So when a child of God transgresses or steps over God’s good boundaries…when the child of God steps on God’s toes in the dance of life—as it were—she apologizes. She recognizes she has misstepped and seeks to follow his lead again. The lawless one, the one who is still following the deception of Satan doesn’t even want to be on the same dance floor.
From Genesis 3 through Malachi is a story of God being gracious to give his Law. Other Ancient Near Eastern religions relied on priests and necromancers and diviners to tell people what the gods wanted. But the God of the Bible is not like other deities. He tells the end from the beginning. He is near to his people. He tells them exactly how to navigate and move in his world.
So the child of God practices righteousness, but John tells us that our spiritual lives are not merely about obeying rules. We are not called to keep an account and think that we have done what God intended us to do by giving us new life. Our attitudes and actions toward each other is just as indicative of our relationship with God as doing the right thing.
2. Practicing love for each other
Our culture has made the word “love” synonymous with affection. Emotion is one aspect of love. Biblically speaking, love is affection that works itself out in action. If I were to say, “You have to love the person sitting in front of you.” Most of us, if not all of us, would think I am telling you to like or to feel some kind of emotion for him or her. While that, of course, would be a great thing…and really is what complete love entails…it only part of the equation of love. Emotions and affection are one half of love. If I were to say, “I love my wife” but don’t lift a finger to ease her burdens or rejoice in her victories…you would rightly question my love for her.
John uses the picture of the first brothers in history—Cain and Abel—to make his point. For our purposes this morning, look at Verse 14: We know that we have passed out of death into life, because we love the brothers. Whoever does not love abides in death. So the converse of John’s statement would be “Whoever loves abides in life.” To love each other is to promote and encourage true living. Flourishing.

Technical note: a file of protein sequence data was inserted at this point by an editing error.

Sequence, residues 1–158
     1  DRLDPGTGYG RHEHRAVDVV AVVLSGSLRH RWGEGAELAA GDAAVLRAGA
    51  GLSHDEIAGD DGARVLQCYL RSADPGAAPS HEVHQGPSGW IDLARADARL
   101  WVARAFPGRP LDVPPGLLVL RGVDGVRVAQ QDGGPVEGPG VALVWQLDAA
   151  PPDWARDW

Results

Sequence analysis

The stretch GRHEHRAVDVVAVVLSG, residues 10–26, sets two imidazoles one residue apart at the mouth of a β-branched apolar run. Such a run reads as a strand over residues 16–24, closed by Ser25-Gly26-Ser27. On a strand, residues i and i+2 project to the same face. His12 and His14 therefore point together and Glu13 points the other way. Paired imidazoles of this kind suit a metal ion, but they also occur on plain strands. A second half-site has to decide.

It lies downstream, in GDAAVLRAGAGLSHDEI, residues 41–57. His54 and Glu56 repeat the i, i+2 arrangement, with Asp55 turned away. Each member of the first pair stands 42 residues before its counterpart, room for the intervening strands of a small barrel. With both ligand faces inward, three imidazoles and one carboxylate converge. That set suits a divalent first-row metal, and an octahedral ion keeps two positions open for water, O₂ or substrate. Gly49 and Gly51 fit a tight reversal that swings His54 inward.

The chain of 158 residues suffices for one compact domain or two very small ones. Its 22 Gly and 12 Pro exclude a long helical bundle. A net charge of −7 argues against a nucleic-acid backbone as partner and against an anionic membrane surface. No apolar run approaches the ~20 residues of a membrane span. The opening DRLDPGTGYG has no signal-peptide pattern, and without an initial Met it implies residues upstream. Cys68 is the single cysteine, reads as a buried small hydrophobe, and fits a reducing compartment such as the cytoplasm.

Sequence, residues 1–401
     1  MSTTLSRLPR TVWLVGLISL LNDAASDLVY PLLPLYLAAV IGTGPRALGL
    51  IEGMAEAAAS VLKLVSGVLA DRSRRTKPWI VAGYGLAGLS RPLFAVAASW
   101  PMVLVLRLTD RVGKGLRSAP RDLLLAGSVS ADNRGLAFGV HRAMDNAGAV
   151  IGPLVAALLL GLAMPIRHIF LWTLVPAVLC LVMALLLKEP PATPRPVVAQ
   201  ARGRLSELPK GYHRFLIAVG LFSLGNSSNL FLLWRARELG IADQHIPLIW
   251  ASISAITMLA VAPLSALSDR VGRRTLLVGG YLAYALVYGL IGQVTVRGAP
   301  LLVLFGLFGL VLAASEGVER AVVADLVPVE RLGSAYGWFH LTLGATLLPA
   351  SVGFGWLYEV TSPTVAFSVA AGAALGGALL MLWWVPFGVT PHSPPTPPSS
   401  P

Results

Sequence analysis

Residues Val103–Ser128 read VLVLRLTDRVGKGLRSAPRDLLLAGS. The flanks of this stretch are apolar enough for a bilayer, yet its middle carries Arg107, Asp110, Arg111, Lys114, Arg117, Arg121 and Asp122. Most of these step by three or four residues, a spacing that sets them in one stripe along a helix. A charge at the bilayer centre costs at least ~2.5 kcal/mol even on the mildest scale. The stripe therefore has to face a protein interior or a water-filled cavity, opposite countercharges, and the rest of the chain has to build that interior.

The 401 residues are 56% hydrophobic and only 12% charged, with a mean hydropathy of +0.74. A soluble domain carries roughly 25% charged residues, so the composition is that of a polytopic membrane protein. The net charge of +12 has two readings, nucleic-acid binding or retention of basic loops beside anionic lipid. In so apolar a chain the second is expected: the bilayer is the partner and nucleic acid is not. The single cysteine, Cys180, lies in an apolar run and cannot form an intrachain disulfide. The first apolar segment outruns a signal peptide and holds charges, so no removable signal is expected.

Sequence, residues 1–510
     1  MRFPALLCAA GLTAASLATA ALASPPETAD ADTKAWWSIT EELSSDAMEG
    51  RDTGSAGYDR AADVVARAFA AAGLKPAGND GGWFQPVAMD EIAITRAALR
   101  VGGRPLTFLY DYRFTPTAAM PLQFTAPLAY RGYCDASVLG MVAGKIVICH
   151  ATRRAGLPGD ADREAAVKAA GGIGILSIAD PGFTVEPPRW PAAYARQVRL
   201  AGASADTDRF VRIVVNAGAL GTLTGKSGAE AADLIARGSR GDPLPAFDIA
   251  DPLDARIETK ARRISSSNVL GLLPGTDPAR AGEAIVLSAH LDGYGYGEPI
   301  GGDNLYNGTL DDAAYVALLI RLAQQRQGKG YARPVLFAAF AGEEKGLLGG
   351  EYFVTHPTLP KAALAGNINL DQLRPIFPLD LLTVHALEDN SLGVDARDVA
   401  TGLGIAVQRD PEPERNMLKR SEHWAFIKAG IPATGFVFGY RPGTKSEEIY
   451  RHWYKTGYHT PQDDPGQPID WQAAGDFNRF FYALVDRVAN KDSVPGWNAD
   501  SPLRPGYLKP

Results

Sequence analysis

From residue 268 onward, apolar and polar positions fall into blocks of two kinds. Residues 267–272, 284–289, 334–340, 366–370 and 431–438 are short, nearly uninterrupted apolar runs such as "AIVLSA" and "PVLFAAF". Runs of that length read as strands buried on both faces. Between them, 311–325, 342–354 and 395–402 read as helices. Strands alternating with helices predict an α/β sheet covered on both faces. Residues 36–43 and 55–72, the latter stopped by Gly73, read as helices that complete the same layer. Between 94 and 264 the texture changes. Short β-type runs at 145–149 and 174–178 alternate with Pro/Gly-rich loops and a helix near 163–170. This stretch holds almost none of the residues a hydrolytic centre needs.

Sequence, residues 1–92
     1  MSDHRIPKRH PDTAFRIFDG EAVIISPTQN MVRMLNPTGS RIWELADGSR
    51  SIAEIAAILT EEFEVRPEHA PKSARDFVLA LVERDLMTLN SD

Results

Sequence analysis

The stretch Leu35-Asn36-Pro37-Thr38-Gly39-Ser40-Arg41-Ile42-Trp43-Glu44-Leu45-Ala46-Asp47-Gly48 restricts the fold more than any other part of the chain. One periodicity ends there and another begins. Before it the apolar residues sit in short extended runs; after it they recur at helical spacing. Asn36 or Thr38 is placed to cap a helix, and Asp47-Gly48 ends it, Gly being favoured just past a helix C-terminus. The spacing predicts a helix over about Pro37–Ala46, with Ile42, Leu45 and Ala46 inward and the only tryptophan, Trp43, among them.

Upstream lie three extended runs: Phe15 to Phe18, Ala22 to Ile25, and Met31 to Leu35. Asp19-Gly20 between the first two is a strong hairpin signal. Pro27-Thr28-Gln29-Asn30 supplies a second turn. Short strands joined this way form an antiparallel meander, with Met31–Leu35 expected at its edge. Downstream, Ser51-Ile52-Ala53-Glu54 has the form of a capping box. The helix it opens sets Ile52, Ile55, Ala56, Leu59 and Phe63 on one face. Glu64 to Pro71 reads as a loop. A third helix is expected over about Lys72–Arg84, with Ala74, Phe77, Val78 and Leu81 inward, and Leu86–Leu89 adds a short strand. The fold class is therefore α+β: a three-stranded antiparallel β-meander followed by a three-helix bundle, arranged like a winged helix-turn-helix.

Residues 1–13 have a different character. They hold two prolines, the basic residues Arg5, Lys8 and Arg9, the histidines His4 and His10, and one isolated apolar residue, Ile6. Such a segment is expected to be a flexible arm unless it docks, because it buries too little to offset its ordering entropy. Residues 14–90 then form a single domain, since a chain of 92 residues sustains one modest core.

What is the greatest picture of love? Verse 16: By this we know love, that he laid down his life for us, and we ought to lay down our lives for the brothers. Isn’t this what Jesus said in John 15.13: Greater love has no one than this, that someone lay down his life for his friends.
This, of course, doesn’t mean we lay down our lives as a sacrifice for sin…but could it not mean that we are to lay down our lives for each other when we sin against each other? Could it not mean that we choose to be quick to forgive and extend forgiveness? After all, listen to the verses before and after Jesus’ statement: “This is my commandment, that you love one another as I have loved you. 13 Greater love has no one than this, that someone lay down his life for his friends. 14 You are my friends if you do what I command you.”
But John also gives us a very challenging explanation of what it means to lay down our lives. Verse 17: 7 But if anyone has the world’s goods and sees his brother in need, yet closes his heart against him, how does God’s love abide in him? 18 Little children, let us not love in word or talk but in deed and in truth.
Consider for a moment money. It is neither good nor bad. It is how we use it that determines that. But what is money. It, typically, represents our time. I say “typically” because you could receive an inheritance or win some amount of money. But, It, typically, represents our lives. When you and I give money to someone or something else, we are giving a bit of our lives to that someone or something. We are meeting their need. We believe that something is worth investing my life into.
But our laying down our lives is not merely physically visible in the here and now, it is how you and I are re-assured of our salvation. There is a lot of talk about the doctrine of assurance of salvation. It is true. When you and I confess our sin and lay our allegiances down to King Jesus, we most assuredly are saved. Yet, as we have seen in John’s letter, the Christian life is a dance. It’s a walking in the light.
Do you get discouraged by how you continue to struggle with the same sin? Do you feel condemned and unsure of yourself? Do you wonder sometimes if you’re a Christian?
Where can we find such reassurance when we feel condemned? We look to God. We look outside of ourselves. Outside of our obedience.
Surely, we are called to be pure and to obey and to walk as he walked and to talk as he talked. But any of us, if we’re honest, do not find our confidence there. We can find our assurance that we even want to obey. That is a gift from God. We can find assurance that we hate sin. That, too, is a gift from God. But these are all in part. Indeed, we continue to step on people’s toes. We continue to be tempted by the beat of the Tempter’s drum.
So our re-assurance. Our confidence cannot find its sure footing there.
Verses 19-21: By this we shall know that we are of the truth and reassure our heart before him; 20 for whenever our heart condemns us, God is greater than our heart, and he knows everything. 21 Beloved, if our heart does not condemn us, we have confidence before God.